10:53pm Saturday 21 October 2017

Reproductive Experts Note Significance of Birth Control Pill's 50th Milestone at Ob-Gyn Meeting

Fifty years ago this month, the first oral contraceptive was approved for use in the US. Since that time, millions of women have used the pill, and for decades it has remained the leading form of contraception used by women in this country.

“Because the pill has enabled women to control their reproductive lives, it
has also made it easier for women to complete their education, and to achieve
all of their goals. The pill has helped enable women to contribute in a greater
variety of ways to society, and therefore has advanced society as a whole.”
Vicki L. Seltzer, MD, Old Westbury, NY
Past President, The American College of Obstetricians and Gynecologists

 

“The introduction and rapidly accepted, widespread adoption of oral contraceptives among
women of reproductive age drastically reduced women’s fear of unplanned pregnancy in ways
their mothers and grandmothers never knew. The pill has allowed women to take different roles
in all aspects of their lives—career, education, travel, and a host of other beneficial ways.”
J. Craig Strafford, MD, MPH, Gallipolis, OH
Vice President, The American College of Obstetricians and Gynecologists

“Birth control pills provide women with many non-contraceptive benefits,
including cycle control, cancer prevention, and pain relief. They have been
an integral part of women’s health.”
Scott D. Hayword, MD, Mt. Kisco, NY
Chair, District II, The American College of Obstetricians and Gynecologists

 

“I have often thought that the birth control pill should be called a hormone regulation pill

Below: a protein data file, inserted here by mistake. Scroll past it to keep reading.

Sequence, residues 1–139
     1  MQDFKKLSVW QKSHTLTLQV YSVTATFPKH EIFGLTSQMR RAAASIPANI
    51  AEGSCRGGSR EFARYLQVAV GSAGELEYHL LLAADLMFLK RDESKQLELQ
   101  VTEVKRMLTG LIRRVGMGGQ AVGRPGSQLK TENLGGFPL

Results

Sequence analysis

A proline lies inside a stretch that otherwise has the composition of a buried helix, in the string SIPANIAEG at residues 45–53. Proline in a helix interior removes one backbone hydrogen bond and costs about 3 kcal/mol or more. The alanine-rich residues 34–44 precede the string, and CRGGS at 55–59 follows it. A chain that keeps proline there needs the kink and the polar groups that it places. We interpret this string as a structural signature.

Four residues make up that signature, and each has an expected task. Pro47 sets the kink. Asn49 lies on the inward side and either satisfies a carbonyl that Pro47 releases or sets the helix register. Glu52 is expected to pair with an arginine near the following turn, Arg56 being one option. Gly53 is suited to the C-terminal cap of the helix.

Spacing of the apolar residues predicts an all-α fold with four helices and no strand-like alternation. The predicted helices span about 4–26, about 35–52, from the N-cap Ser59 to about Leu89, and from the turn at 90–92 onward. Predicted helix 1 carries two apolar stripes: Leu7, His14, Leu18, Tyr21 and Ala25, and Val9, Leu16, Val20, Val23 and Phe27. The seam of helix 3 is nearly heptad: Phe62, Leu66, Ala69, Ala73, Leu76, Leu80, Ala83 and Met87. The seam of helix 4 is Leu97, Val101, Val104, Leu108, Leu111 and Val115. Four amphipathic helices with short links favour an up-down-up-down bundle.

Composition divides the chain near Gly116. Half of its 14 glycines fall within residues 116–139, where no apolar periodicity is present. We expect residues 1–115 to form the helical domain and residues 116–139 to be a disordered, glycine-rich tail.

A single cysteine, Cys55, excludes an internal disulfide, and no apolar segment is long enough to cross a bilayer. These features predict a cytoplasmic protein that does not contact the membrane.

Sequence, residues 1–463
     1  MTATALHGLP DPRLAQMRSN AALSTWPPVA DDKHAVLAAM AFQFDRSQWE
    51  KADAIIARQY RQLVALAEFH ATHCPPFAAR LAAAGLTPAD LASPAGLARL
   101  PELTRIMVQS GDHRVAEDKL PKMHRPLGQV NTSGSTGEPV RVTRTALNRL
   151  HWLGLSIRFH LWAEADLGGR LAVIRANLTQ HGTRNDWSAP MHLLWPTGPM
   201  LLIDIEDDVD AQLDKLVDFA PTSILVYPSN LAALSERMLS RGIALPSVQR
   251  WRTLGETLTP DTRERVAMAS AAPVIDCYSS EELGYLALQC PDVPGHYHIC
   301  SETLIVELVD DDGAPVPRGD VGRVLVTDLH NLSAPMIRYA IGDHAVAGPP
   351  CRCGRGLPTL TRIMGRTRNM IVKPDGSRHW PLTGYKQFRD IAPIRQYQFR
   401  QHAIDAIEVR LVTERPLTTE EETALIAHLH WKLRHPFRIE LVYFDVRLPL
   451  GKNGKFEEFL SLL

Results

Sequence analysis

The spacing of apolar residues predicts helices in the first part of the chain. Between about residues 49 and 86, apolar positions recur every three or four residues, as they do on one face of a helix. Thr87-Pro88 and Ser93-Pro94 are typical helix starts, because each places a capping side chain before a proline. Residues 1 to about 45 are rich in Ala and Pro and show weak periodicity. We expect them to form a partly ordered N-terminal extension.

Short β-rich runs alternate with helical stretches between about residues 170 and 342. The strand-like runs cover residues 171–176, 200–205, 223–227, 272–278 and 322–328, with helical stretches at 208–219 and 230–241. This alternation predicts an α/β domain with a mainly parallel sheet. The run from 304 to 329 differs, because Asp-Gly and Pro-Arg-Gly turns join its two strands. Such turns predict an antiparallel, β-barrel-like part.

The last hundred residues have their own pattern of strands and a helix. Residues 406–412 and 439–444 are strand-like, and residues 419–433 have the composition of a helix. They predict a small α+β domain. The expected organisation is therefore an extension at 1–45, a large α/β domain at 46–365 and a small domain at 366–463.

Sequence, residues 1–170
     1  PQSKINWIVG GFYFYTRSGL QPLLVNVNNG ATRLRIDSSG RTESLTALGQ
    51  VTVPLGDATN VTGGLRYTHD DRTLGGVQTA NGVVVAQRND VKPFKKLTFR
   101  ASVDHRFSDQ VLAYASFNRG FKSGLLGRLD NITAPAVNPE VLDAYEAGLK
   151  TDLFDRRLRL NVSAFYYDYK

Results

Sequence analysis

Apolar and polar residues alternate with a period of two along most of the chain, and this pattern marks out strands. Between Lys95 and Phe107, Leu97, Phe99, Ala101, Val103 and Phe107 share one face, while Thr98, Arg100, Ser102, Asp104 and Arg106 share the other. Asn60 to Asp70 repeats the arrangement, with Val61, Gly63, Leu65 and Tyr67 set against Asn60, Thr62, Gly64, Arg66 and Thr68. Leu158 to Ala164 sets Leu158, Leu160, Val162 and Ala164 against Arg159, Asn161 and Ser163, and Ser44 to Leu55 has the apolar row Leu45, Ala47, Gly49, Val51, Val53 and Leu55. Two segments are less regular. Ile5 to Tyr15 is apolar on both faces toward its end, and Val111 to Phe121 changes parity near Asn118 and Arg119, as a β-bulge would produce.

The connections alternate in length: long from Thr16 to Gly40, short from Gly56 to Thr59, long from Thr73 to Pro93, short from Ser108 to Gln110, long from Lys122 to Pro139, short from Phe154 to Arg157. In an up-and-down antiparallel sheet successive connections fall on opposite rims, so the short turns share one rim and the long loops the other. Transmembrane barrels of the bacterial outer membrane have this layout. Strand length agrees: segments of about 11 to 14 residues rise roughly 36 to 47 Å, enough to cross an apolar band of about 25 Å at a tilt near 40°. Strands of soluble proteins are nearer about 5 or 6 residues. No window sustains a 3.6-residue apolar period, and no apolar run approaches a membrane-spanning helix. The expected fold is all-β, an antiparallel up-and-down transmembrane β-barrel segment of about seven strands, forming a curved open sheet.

because its use and impact have been so much broader than contraception alone. The pill has
certainly improved reproductive control, but the impact on menstrual regulation has been very
important for women, from adolescence to menopause.”
Jeanne A. Conry, MD, PhD, Roseville, CA
Chair, District IX, The American College of Obstetricians and Gynecologists

“The advent of effective contraception was revolutionary, transforming,
empowering, and a tremendous boost to women’s health. It continues to
play a major role in the effort to achieve responsible reproductive health
and choice for all women—a goal of every child being a wanted child
delivered into a supportive and secure environment.”
James N. Martin, MD, Jackson, MS
Secretary, The American College of Obstetricians and Gynecologists

“The pill has literally changed the world, and it was a primary stimulus to the women’s
movement of the 60s. It has done far more for women’s rights than any legislation that has
been passed and should be recognized as the great emancipator of women.”
Mark S. DeFrancesco, MD, MBA, Cheshire, CT
Secretary Elect, The American College of Obstetricians and Gynecologists

“The pill has revolutionized women’s health care. Obviously, the contraceptive
benefits are paramount, but I have become a huge advocate for all of the
non-contraceptive reproductive health benefits that the pill offers. Another
advantage is that the pill has enjoyed incredible safety over its 50-year history.”
Douglas H. Kirkpatrick, MD, Denver, CO
Immediate Past President, The American College of Obstetricians and Gynecologists

 

“The pill is probably the single biggest contribution to women’s health in our lifetime.
Not only has it given women more control over their fertility, it has been successfully
used to treat many gynecologic conditions such as dysmenorrhea, menometrohaggia,
PMS, acne, PCOS, and endometriosis, enabling women to have a better quality of life.”
JamesA. Macer, MD, Pasadena, CA
Assistant Secretary Elect, The American College of Obstetricians and Gynecologists

 

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The American College of Obstetricians and Gynecologists is the nation’s leading group of physicians providing health care for women. As a private, voluntary, nonprofit membership organization of approximately 53,000 members, The American College of Obstetricians and Gynecologists strongly advocates for quality health care for women, maintains the highest standards of clinical practice and continuing education of its members, promotes patient education, and increases awareness among its members and the public of the changing issues facing women’s health care.


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